If you enjoy television dramas, you will delight in “Full Circle” by Regina Timothy. It’s a dramatic, though interesting book, and Timothy ties up her many loose ends nicely.
From the prologue, which takes us inside the collapsing World Trade Center on 9/11, to the end, “Full Circle” by Regina Timothy lays bare many of the political and social issues the United States has been grappling with since before the 9/11 attacks. Despite its seriousness, “Full Circle” reads like a television drama. The cast includes Samia, an Iraqi refugee; Melisa, a faltering fashion mogul; and Susan, Samia's hapless friend who also happens to be Melisa's assistant.
Please note that I received a review copy of this book from the author in exchange for an honest review.
Summary of “Full Circle”
Samia, Melisa, and Susan all have leading roles as well as their own plotlines, but “Full Circle” pays the closet attention to Samia. Samia fled Iraq to save both her life and the life of her unborn son. When “Full Circle” begins, her son is ivy-league bound but struggles with bullying at school.
Samia works as a maid for Melisa. Both Melisa's fashion empire and marriage are crumbling, and she worries about her brother who is on his second tour of duty in Iraq. She takes her anxiety and rage out on her employees including Susan and Samia.
Susan is Samia's friend and they support each other. Susan lost her husband to suicide and her daughter has a scary, chronic illness. As you can see, “Full Circle” touches on a variety of serious issues including 9/11, Islamophobia, racism, bullying, social alienation, domestic terrorism, school shootings, poverty, gang violence, chronic illness, child abuse, drug addiction, PTSD, suicide, and women's rights in the middle east.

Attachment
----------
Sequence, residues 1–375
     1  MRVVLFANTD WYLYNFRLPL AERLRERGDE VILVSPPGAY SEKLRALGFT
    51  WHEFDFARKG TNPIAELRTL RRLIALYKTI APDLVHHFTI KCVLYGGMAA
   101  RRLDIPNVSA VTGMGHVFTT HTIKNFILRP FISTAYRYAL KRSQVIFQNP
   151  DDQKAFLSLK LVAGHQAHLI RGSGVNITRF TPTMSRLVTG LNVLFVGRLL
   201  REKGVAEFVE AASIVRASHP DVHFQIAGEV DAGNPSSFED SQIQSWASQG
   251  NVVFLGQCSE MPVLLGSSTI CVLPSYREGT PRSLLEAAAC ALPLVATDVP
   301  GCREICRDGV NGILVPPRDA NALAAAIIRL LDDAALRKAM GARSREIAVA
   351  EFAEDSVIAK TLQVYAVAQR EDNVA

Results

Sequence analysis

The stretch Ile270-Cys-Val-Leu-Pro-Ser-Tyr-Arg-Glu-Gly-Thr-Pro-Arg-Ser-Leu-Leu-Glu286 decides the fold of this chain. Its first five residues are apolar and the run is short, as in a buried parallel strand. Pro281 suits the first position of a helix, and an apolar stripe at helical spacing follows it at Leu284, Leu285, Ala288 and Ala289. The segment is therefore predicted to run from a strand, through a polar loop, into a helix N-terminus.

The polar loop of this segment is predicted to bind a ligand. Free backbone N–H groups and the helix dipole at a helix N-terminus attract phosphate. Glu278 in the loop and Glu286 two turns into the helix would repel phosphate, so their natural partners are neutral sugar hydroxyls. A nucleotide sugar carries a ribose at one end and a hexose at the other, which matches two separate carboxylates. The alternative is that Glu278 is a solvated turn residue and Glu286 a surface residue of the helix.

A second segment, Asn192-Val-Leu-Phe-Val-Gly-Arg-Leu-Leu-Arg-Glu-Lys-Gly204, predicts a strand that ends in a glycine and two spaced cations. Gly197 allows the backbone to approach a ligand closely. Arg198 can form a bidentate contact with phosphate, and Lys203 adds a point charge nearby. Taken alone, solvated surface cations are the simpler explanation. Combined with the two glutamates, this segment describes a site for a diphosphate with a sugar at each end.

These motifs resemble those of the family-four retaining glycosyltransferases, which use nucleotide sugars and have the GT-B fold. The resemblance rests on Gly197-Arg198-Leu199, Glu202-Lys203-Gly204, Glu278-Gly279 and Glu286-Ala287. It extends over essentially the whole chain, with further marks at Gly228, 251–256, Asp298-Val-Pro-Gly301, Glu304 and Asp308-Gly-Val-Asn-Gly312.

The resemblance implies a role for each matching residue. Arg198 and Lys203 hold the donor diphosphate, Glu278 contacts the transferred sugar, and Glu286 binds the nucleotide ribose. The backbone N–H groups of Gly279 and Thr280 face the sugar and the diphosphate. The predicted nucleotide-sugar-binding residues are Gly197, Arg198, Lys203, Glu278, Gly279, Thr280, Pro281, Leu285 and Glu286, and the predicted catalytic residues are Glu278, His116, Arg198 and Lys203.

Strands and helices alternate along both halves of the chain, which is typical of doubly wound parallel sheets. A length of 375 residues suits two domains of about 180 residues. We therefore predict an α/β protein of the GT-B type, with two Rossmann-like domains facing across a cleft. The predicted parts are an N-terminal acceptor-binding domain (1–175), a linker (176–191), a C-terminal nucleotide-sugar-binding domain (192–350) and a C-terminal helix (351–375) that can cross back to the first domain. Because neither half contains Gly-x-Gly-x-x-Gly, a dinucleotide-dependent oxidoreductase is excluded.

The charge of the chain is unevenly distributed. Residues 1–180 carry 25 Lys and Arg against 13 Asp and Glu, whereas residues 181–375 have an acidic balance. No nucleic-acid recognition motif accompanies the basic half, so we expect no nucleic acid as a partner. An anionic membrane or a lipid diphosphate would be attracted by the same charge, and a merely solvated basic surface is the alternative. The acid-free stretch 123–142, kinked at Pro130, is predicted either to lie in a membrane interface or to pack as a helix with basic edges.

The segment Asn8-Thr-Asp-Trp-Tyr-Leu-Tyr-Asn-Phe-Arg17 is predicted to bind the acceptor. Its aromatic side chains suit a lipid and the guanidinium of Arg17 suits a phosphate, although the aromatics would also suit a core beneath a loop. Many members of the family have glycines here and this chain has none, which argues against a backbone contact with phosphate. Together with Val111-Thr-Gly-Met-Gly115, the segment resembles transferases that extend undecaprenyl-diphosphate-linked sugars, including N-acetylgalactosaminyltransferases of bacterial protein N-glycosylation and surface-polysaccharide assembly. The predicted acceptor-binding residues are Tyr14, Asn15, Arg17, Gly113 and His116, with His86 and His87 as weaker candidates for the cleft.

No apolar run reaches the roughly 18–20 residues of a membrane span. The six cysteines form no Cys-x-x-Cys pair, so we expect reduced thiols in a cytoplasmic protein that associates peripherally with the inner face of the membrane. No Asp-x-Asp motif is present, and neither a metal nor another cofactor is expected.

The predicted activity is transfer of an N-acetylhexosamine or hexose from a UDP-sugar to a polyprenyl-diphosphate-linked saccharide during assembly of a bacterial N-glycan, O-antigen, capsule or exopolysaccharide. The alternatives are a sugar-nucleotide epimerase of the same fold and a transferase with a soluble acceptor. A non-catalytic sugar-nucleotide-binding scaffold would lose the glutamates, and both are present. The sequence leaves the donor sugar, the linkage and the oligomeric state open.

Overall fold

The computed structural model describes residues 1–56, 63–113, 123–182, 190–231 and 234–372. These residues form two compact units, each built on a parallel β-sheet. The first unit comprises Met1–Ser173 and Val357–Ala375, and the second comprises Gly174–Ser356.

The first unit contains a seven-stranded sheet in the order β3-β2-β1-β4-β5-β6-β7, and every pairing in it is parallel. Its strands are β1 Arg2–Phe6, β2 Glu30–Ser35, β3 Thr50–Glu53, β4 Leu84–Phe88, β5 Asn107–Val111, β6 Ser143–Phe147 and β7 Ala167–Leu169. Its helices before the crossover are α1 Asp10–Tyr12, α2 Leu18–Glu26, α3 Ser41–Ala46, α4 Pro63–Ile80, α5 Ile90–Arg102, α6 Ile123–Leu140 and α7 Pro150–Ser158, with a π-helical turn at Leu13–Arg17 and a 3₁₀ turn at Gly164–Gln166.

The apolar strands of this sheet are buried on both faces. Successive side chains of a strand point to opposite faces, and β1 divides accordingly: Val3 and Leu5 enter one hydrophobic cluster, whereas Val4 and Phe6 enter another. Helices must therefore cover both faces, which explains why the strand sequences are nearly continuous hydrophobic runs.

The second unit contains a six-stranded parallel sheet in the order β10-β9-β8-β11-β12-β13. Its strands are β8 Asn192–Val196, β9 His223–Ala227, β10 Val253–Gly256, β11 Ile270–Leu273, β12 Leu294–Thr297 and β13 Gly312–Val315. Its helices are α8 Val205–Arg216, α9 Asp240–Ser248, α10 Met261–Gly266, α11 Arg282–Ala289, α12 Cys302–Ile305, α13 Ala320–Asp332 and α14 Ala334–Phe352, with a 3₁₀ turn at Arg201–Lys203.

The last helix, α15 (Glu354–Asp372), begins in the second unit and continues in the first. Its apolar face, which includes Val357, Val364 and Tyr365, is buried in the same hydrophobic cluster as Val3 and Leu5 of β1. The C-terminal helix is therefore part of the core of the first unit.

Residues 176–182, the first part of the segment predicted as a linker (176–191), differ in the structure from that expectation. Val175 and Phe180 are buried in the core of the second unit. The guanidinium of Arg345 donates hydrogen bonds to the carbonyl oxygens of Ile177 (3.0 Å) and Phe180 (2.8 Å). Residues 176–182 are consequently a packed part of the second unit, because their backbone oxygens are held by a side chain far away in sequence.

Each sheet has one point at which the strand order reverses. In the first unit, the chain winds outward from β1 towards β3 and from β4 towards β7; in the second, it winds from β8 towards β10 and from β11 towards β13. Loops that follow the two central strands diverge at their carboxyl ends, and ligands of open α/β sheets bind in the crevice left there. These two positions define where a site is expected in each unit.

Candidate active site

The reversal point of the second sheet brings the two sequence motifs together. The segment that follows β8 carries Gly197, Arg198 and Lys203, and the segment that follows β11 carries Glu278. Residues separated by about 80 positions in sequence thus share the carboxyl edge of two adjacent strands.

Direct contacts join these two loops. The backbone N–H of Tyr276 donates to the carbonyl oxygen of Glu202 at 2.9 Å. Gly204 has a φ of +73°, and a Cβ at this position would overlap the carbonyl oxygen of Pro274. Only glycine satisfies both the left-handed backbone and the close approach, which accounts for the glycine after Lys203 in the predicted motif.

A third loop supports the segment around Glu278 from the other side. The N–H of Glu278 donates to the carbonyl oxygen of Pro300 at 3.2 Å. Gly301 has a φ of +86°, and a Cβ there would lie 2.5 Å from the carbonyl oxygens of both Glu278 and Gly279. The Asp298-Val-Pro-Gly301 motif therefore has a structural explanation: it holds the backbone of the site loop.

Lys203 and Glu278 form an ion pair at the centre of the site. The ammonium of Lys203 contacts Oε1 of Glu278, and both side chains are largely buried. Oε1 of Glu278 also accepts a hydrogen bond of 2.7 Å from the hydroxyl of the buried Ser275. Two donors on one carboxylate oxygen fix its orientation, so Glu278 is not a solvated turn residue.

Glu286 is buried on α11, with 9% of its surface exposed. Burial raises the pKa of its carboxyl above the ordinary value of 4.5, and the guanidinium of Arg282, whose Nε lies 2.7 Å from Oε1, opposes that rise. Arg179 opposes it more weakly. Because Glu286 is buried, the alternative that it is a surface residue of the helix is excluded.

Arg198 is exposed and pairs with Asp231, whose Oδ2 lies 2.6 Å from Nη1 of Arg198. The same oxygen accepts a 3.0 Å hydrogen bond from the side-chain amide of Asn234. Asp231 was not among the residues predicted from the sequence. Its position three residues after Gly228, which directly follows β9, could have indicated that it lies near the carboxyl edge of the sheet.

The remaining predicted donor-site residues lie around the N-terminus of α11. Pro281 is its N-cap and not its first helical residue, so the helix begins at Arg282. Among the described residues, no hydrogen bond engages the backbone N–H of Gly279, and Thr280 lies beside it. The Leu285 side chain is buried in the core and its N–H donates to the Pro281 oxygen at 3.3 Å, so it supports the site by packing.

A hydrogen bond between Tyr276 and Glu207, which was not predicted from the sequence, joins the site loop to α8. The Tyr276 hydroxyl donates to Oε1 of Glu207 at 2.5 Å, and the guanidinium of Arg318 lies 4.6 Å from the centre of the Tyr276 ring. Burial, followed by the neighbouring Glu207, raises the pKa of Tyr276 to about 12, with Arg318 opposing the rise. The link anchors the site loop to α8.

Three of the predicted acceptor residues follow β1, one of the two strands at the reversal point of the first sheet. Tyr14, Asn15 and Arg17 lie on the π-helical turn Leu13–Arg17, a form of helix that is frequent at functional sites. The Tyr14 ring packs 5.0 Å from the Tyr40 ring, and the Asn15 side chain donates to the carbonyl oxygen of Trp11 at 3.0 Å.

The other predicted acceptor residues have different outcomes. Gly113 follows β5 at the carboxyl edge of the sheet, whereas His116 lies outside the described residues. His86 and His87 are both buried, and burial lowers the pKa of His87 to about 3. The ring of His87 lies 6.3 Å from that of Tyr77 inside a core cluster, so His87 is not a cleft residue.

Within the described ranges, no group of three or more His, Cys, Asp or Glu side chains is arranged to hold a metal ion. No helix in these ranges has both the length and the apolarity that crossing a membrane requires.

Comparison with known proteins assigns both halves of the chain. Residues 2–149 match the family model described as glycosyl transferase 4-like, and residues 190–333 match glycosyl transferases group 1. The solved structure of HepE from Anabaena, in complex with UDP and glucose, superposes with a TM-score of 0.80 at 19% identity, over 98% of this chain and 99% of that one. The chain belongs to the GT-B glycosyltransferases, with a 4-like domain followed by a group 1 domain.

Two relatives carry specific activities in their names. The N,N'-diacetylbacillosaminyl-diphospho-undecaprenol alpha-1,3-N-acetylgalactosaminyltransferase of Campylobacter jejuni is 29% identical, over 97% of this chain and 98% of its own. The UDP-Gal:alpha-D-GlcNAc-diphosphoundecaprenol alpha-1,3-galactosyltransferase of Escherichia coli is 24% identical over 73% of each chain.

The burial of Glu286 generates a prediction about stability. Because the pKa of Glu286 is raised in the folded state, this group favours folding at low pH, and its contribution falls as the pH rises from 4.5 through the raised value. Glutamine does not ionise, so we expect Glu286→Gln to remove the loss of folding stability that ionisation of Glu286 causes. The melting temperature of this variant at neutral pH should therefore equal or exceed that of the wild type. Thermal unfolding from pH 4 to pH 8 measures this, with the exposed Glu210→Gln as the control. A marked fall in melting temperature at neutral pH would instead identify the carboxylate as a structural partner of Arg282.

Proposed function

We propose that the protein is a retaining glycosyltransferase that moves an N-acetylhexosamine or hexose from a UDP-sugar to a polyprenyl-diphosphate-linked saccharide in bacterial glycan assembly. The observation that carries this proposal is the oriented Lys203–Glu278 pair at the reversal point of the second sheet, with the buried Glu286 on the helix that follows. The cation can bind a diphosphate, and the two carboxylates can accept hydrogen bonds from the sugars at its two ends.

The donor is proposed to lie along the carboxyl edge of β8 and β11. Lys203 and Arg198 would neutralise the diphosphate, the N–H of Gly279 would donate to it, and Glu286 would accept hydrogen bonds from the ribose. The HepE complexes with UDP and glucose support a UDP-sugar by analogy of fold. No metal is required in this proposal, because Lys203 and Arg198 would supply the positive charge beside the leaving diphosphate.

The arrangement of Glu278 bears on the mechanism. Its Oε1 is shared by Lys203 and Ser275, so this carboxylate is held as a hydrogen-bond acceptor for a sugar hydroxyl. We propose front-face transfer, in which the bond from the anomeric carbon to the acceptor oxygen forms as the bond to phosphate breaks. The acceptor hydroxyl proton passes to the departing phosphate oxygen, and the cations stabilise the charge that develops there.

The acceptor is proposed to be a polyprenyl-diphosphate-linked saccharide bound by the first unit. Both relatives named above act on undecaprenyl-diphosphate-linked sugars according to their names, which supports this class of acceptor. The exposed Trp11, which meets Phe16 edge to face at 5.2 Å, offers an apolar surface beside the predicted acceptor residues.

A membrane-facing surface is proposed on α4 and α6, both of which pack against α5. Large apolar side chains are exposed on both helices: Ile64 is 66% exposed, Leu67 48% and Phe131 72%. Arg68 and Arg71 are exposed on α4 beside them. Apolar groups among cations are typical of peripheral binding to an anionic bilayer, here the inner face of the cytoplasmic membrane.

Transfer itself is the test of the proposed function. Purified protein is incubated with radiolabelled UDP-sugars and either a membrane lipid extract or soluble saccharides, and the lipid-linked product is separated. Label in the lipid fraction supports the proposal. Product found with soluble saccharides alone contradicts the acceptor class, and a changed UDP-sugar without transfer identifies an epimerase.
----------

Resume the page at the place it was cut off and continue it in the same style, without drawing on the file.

Where “Full Circle” Shines
Samia’s story is my favorite part of Full Circle because her life produces most of the action in the book. After 9/11, Samia "felt her neighbors' hatred seep through the walls." She is harassed, called a number of racial slurs, and threatened. She also worries about her son's own issues with disillusionment. Because of these incidents, Samia struggles with her feelings toward her religion:
“To them she would always be the face of evil. Nothing more; just pain, loss, and senseless destruction. For a second, she felt rage at her religion as she always did whenever she thought about everything she had been through. But the anger was soon replaced with shame and regret. It wasn't her religion that had done this to her. It was the people, people who spoke for it and those who spoke against it.”
Nothing makes a character seem more human than an internal struggle that pulls the character in two different directions simultaneously. Melisa's character also develops a level of complexity that I enjoyed later in the book. I appreciate how Melisa is an example of the adage "hurt people hurt people." Although I liked Samia and Melisa's depth of character, I think the plot is too complicated. That said, Timothy does a great job interweaving the various plot lines. “Full Circle” actually comes full circle.
Who Should Read Full Circle
Despite enjoying parts of “Full Circle,” I can't give it my wholehearted endorsement. The book has a number of typos and grammatical errors, which I feel terrible for pointing out because writers are human right? I can overlook a few, and I'm sure I have plenty on this site, but “Full Circle” has too many for me to give it five stars.
On Goodreads, I also took off a star because, overall, the story is a bit superficial. Because it deals with so many serious issues, “Full Circle” only addresses a few of them well. Less would have been more here, and all the drama makes “Full Circle emotionally” draining to read.
Finally, despite the drama, I didn't cry, and I should have as one of the issues the book discusses strikes a personal chord. Regardless, “Full Circle” is an interesting and thought-provoking story particularly when it comes to Islamophobia and PTSD, and if drama is your thing, you will love this book.
by Regina Timothy
Regina Timothy. 389pp.